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Using LTO Drives in a "NORMAL" Working Environment

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Tim Jones
Using LTO Drives in a "NORMAL" Working Environment
on May 14, 2018 at 5:27:14 pm

Hi All,

Lately we've been seeing a lot of drives reporting that cleaning was needed after read or write errors with various software (not just BRU ☺ ). In doing research in the users' environments, we're seeing the onset of Summer playing a major roll in the problems.

LTO drives have a very specific "green zone" for proper operation. Too dry and static can cause particulates to build up and the tape to actually "stick" to the internal path components. Too wet and the humidity can cause a similar situation because of condensation within the drive mechanism.

Here's a chart that we provide to give you the information that you should look at in your environment to keep your LTO drives working efficiently:



Tim
--
Tim Jones
CTO - TOLIS Group, Inc.
http://www.tolisgroup.com
BRU ... because it's the RESTORE that matters!


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Jerzy Zbyslaw
Re: Using LTO Drives in a "NORMAL" Working Environment
on May 15, 2018 at 1:31:57 pm

[Tim Jones] "LTO drives have a very specific "green zone" for proper operation"

Thank you for providing this information as I was not aware that this "green zone" even existed as I assumed that since LTO drives and media can operate under a normal office environment that all values of humidity would be allowable but clearly according to that chart the humidity extremes have to be avoided. I do have one question though and I was wondering are these limits presumably originally for MP (metal Particle) tapes and do these same standards also apply to the new BaFe tapes as well or do they have a different range of values for their "green zone" limits?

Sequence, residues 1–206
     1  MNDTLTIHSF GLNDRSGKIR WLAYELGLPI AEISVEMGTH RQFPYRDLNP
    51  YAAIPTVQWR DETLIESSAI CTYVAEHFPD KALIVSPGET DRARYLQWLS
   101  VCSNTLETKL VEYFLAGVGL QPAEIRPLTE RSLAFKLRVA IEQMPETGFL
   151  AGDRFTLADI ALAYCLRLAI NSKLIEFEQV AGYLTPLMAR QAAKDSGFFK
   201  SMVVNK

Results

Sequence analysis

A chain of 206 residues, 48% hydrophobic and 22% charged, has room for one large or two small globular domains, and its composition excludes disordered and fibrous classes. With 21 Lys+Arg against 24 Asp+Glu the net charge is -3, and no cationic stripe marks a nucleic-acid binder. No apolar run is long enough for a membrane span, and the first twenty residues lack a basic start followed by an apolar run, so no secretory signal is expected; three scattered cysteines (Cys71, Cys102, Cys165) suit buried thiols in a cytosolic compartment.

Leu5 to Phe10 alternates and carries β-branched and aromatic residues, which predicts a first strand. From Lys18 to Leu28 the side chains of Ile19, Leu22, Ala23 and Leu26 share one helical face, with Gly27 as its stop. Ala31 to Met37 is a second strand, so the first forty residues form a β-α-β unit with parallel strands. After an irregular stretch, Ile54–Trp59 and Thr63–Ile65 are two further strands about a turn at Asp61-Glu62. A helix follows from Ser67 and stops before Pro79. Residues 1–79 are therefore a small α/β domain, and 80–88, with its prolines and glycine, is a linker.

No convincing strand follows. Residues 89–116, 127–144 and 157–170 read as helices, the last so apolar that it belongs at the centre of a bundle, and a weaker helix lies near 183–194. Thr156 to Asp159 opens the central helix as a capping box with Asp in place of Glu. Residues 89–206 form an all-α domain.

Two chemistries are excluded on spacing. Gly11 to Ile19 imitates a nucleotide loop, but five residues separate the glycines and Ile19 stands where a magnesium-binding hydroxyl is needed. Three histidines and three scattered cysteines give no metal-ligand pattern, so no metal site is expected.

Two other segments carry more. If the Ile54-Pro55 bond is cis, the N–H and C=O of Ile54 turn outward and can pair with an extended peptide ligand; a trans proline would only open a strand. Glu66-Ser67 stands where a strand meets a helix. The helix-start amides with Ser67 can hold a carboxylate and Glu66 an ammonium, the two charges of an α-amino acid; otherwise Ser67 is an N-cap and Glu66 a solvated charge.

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Tim Jones
Re: Using LTO Drives in a "NORMAL" Working Environment
on May 15, 2018 at 10:06:06 pm

They apply for all media types. The issue is the Mylar backing material, not the surface coating. It's so thin that any static or condensation in those extreme areas can cause it to stick to the surfaces in the drives.

Also, pay close attention to the dust collection on the intake areas on the front of your unit's chassis. If dust bunnies are forming, you're heading for problems.

Tim
--
Tim Jones
CTO - TOLIS Group, Inc.
http://www.tolisgroup.com
BRU ... because it's the RESTORE that matters!


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Neil Sadwelkar
Re: Using LTO Drives in a "NORMAL" Working Environment
on May 24, 2018 at 1:55:27 pm

I've deployed LTO drives in a variety of conditions in India. Here, 'summer' minimum is 35C (95F), and 48C (118F) is not uncommon. We work in air-conditioned vans or hotel rooms where the temperature is about 25C (77F).

And, we have a 'monsoon' when it rains for days on end, but the temperature is 30C (86F) and humidity is 100%.
Then too, we work out of air-conditioned vans or hotel rooms where the temperature is about 25C (77F) and humidity is kept low at about 40%.

Our 'winter' is rarely below 10C (50F). Humidity in the 'winter' drops to about 60%.

And we have loads of dust all year round. We've rarely (almost never) deployed LTO drives outdoors.

I've seen tape head errors after a long round of backups.

I normally have a thin muslin cloth draped on the front of the machine, from where air is sucked in. The cloth passes air but not dust. After a few days (sometimes hours) it has visible dust collected on it. The cloth is changed as often as needed.

-----------------------------------
Neil Sadwelkar
neilsadwelkar.blogspot.com
twitter: fcpguru
FCP Editor, Edit systems consultant
Mumbai India


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